I agree with all that Alexedge has said and he obviously knows a lot more than me, but if you're thinking of alternatives, one of our staff is a novice rider, and has a Yamaha YZF600 R6. It's IMO sportier than the CBR600 and carries his girlfriend regularly but may be not quite as good an all rounder as the CBR600. If you don't want something quite as sporty, but still fun, either the Suzuki Bandit 600 or Honda CB600 are both IMO good bikes
The R6 is a fantastic bike, I fell in love with it's telepathic handling when we first tested it in '06, and it killed the competition in our '06 600cc shootout (http://www.motorcycledaily.com/23june06_supersport.html
) based again mainly on the chassis. But as I've told quite a few friends, it's really a bike designed for experts, and it's extremely
track-focused. Little to no low-end and mid-range power, which makes it sort of a bitch for around-town riding.
I speak from experience - after the shootout, I convinced Yamaha to let me take an R6 as a long-term/project bike, and it was my daily rider for 4-5 months (well, swapping between that and a Kawasaki ZX-14, my other project bike). I tried re-gearing it with the sprockets, but the bottom line is that the internal ratios are designed for the track - the super-tall first gear is great in that it allows you to use first for slower corners at the track, but it absolutely sucks on the street - just pulling away from a stop requires massive revs and tons of clutch slippage.
When I lowered the gearing it helped with the tall first and second, but the upper gears became somewhat too short.
Also, your experience may be different than mine, but everyone I put on the back of the R6 absolutely hated it. My 100lb then-girlfriend described it as a "leather-covered piece of concrete".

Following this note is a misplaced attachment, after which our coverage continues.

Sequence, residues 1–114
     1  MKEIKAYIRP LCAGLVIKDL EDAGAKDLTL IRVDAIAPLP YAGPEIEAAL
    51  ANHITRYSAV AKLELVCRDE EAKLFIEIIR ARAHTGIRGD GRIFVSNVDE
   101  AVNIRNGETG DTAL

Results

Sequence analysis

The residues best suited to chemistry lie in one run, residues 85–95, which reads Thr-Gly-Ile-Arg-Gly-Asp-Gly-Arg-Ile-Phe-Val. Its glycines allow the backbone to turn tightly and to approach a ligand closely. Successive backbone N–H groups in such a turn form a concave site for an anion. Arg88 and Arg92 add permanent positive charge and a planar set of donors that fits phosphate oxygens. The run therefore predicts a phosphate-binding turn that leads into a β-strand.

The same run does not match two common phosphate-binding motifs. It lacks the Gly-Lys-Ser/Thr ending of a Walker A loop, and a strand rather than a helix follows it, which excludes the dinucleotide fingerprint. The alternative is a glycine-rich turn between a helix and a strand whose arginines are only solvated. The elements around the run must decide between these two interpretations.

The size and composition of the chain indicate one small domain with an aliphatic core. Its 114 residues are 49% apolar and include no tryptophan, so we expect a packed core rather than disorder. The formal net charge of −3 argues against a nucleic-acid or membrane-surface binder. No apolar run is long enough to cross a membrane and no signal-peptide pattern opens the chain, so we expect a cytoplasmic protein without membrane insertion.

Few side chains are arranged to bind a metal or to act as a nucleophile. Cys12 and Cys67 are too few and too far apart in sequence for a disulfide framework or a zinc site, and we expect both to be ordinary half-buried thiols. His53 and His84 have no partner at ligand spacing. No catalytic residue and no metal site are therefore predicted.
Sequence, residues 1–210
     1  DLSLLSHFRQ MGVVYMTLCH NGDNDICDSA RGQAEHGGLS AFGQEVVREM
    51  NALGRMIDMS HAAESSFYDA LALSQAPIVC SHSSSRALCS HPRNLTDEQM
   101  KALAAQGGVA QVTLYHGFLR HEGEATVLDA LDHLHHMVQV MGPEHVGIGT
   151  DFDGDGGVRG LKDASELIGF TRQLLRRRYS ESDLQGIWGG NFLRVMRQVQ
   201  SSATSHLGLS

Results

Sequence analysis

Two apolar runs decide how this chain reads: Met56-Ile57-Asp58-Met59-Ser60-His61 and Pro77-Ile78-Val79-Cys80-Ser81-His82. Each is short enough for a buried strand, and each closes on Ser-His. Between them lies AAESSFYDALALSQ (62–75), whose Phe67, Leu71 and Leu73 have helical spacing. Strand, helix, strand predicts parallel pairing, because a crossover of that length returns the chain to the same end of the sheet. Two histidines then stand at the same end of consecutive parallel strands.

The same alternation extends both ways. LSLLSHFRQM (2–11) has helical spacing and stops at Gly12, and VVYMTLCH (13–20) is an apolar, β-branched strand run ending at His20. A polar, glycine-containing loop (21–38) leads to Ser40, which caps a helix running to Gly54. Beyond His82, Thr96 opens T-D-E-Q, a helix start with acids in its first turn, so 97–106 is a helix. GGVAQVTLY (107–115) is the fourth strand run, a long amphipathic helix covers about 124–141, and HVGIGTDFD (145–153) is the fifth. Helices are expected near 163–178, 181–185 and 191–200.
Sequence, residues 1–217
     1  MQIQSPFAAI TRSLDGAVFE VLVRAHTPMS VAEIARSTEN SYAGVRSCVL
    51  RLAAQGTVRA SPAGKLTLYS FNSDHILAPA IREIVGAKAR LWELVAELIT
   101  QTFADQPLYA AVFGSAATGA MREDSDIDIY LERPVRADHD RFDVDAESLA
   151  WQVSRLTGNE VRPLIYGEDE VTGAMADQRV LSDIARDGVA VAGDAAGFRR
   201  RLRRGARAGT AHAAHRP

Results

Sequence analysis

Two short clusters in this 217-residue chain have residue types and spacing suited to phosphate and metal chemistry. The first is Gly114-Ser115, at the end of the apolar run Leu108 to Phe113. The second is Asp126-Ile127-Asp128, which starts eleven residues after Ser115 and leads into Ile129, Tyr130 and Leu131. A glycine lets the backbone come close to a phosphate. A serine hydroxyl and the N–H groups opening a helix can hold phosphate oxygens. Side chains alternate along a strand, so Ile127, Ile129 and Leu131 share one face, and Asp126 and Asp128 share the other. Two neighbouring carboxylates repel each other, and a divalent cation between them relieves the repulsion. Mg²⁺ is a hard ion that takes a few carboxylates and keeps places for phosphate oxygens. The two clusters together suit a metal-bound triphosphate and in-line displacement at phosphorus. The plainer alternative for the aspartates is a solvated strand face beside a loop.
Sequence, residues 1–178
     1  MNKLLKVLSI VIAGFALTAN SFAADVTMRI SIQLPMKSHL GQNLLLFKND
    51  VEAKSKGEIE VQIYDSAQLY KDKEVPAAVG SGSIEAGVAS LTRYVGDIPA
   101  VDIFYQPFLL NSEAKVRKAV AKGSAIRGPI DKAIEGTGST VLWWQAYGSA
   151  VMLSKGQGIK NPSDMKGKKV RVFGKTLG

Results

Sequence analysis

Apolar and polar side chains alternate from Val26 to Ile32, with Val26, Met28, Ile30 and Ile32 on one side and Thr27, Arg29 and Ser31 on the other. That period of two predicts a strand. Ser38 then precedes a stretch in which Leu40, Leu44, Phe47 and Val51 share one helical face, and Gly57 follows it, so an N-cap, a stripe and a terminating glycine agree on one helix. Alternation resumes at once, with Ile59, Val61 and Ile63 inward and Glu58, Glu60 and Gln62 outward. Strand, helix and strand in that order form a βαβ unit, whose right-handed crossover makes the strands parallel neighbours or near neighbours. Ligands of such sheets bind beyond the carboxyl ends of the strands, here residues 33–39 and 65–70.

When Honda released their new 600RR for '07 (when the R6 won our shootout, it was competing against the 05-06 600RR, which took second), I really felt it was an absolutely fantastic bike. Rode it at the press launch at Barber in Alabama (http://www.motorcycledaily.com/07december06_cbrpt2.htm
), and then my best friend bought one (on my advice), and I did a few track days with him where we swapped bikes around. Although the 600RR may give up a slight edge to the R6 in the handling department, it more than makes up for it (IMO) with its easy to ride nature, broad spread of power (tons more midrange, with similar top-end), and comfortable riding position. The 600RR is also extremely light, which is great in quick left-right transitions and in low-speed maneuvers.
To be completely honest, having ridden basically every bike on the market, there's only two sportbikes I'd consider buying right now - the 600RR or a Yamaha R1 (fantastic bike, but probably a little too much for your skill level, no offense).
Things may change with the introduction of the '08 R6 - Yamaha has applied the variable intake length from the R1 to boost midrange power, and the already stunning chassis has been further refined. I haven't ridden it yet (missed the intro), but it may be the new king of the class. However, when the new R6 hits the showrooms, it's going to be in high demand, while the slightly overshadowed 600RR will be sitting their waiting for someone to negotiate a killer deal. The demand for the incrementally improved new bikes always means that last year's model can be had cheap.
Trust me, buy the CBR. Just don't get the new flat-black 'Graffiti' paint scheme - because that will be my new ride in a month or two.
And yes, that is me in all the 600RR pictures, and most of the 600 shootout shots (the grey and black leathers, or the blue jacket = me, the red and black leathers = my dad). All in the family - my younger brother took that incredible R6 wheelie shot, and the background blur is NOT photoshop.
And yes I do look like I'm riding like shit in the pics from the 600RR intro - it's hard to learn a new track when you're a Cali boy and it's 36 degrees outside (+wind chill!)...
The infamous 16krpm, 90mph first gear balance point: